A recent survey asked a straightforward question: which is worse, to watch porn or to fail to recycle? The results are in: “Half of teenagers and nearly three-quarters of young adults come across pornography at least monthly, and both groups on average consider viewing pornographic images less immoral than failing to recycle.”
This is one of those “stunning but not surprising” findings that reflect the current mindset of our culture. And it’s a very important mindset to understand.
For quite some time, the dominant ethic has been, “As long as it makes you happy, and doesn’t hurt anyone, it’s okay.” The idea is that personal choice, in light of the pursuit of happiness, and the autonomy that comes with it, reigns supreme. Its only check is when it might infringe on another person’s personal choice and autonomy. The argument seems to be that porn is a personal choice for sexual gratification and, therefore, doesn’t hurt anyone.
Of course, asking people whether porn is bad at this point is a bit like asking whether to shut the door after the cow has left the barn. We live in a world where the choice to embrace porn has, quite simply, been made. Seventy percent of all 18 to 34-year-olds are regular viewers. The average age to begin viewing? Eleven. It’s so ubiquitous it’s been called the “wallpaper” of our lives. In 2014, one porn site alone had more than 15.35 billion visits. No, that was not a typo. That’s “billion” with a “b.” To put that into perspective, at the end of 2015, the entire population of the world was just over 7 billion.
And suffice it to be said, it does enormous harm. Not simply with its ties to such things as human trafficking, but also to the person who partakes. In her book Pornified, Pamela Paul argues that it is far from an innocuous choice; it has changed our marriages and families as well as our children’s understanding of sex and sexuality.
Her portraits are disturbing:
Rob, who insists that his girlfriend look and behave, in bed and out, like a porn star; Charlie, who spends hours cruising porn sites and setting up meetings with women and couples he befriends in chat rooms, while telling his wife that he’s just working late on the computer; Jonah, a fan of violent hardcore porn, who introduces tamer porn to his fiancée in an effort to revive their troubled sex life; Abby, who discovers her husband’s hidden box of CDs of child porn images downloaded from the internet; preteen girls who start their own pornography websites; teenage boys, mimicking porn, who videotape themselves having sex with an apparently unconscious girl.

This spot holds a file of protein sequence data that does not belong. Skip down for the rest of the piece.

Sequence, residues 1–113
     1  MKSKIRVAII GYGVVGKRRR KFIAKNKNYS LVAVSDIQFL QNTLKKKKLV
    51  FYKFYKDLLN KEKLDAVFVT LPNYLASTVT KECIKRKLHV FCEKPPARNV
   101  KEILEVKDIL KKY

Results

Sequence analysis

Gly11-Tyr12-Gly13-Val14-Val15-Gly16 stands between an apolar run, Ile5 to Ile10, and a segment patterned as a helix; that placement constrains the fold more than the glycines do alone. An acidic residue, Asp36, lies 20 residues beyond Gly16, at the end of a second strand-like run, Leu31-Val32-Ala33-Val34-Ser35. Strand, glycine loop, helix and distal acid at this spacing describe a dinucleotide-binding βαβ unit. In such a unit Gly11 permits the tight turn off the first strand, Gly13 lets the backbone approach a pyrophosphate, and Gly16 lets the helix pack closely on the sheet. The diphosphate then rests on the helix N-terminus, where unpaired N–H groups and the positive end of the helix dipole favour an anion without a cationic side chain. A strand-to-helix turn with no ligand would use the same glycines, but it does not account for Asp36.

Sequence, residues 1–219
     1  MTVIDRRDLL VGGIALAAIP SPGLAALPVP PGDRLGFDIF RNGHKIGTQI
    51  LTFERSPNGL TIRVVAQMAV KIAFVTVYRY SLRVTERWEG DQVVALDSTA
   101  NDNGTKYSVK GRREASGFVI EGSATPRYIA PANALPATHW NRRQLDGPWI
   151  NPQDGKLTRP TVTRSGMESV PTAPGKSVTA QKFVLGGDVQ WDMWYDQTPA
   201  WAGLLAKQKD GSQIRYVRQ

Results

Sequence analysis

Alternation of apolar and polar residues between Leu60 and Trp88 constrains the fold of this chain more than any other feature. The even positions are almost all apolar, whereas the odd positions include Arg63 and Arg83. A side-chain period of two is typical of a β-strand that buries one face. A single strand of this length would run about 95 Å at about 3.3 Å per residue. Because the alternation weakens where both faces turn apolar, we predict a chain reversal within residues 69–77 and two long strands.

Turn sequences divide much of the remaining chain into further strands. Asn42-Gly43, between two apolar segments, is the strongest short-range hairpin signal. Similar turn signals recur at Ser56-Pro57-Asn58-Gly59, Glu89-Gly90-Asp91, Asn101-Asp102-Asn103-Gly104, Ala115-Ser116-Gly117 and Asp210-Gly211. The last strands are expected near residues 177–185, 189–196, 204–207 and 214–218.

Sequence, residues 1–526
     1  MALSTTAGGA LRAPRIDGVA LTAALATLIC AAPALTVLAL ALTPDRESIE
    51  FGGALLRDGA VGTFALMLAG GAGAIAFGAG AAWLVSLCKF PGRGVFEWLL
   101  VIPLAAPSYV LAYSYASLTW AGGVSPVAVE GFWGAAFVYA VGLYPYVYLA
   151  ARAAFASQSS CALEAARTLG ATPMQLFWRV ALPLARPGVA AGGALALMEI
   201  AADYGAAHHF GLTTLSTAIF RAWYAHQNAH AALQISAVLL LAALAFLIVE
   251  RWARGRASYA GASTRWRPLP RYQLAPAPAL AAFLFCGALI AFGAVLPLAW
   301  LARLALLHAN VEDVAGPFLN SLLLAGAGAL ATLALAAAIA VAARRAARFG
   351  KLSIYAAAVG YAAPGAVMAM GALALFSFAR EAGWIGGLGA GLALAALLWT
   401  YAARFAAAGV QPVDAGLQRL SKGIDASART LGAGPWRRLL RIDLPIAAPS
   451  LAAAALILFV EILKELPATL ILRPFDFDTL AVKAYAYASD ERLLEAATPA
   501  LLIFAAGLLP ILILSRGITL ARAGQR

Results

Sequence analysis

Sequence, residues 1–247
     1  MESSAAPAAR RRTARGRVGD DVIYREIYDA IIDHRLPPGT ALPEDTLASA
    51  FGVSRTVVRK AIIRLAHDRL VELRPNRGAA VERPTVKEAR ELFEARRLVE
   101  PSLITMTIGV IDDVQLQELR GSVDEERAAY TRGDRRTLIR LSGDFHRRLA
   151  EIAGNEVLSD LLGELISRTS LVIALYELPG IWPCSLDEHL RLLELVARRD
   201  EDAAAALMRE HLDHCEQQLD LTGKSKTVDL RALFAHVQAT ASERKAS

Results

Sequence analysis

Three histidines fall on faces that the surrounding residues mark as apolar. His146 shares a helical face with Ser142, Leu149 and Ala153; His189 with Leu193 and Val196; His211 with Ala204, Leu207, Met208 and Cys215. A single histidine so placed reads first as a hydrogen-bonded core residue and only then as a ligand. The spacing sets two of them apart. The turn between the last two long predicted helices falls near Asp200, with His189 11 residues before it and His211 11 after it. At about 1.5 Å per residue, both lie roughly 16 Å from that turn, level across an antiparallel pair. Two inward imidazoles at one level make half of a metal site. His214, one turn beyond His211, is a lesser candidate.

Yet the prevailing ethic of our day is that anything that would critique or limit someone’s choice for personal pleasure, and the autonomy that comes with it, is bad. Anything that would enable or affirm someone’s choice for personal pleasure, and the autonomy that comes with it, is good.
And we find our sense of morality not by actually being moral, but through pseudo-virtues like recycling, which, while commendable, belong in the same meritorious camp as “clicktivism.”
It seems we need to learn how to separate more than just our trash.
James Emery White
David Roach, “Study: monthly porn exposure the norm for teens,” Baptist Press, January 20, 2016, read online.
Holly Finn, “Online Pornography’s Effects, and a New Way to Fight Them,” The Wall Street Journal, May 3, 2013, read online.
Niamh Horan, “Porn now the wallpaper of our lives,” Independent.ie, October 18, 2015, read online.
Pamela Paul, Pornified.
About the Author
James Emery White is the founding and senior pastor of Mecklenburg Community Church in Charlotte, NC, and the ranked adjunctive professor of theology and culture at Gordon-Conwell Theological Seminary, which he also served as their fourth president. His latest book, The Rise of the Nones: Understanding and Reaching the Religiously Unaffiliated, is available on Amazon. To enjoy a free subscription to the Church and Culture blog, visit ChurchAndCulture.org, where you can view past blogs in our archive and read the latest church and culture news from around the world. You can also find out more about the 2016 Church and Culture Conference. Follow Dr. White on twitter @JamesEmeryWhite.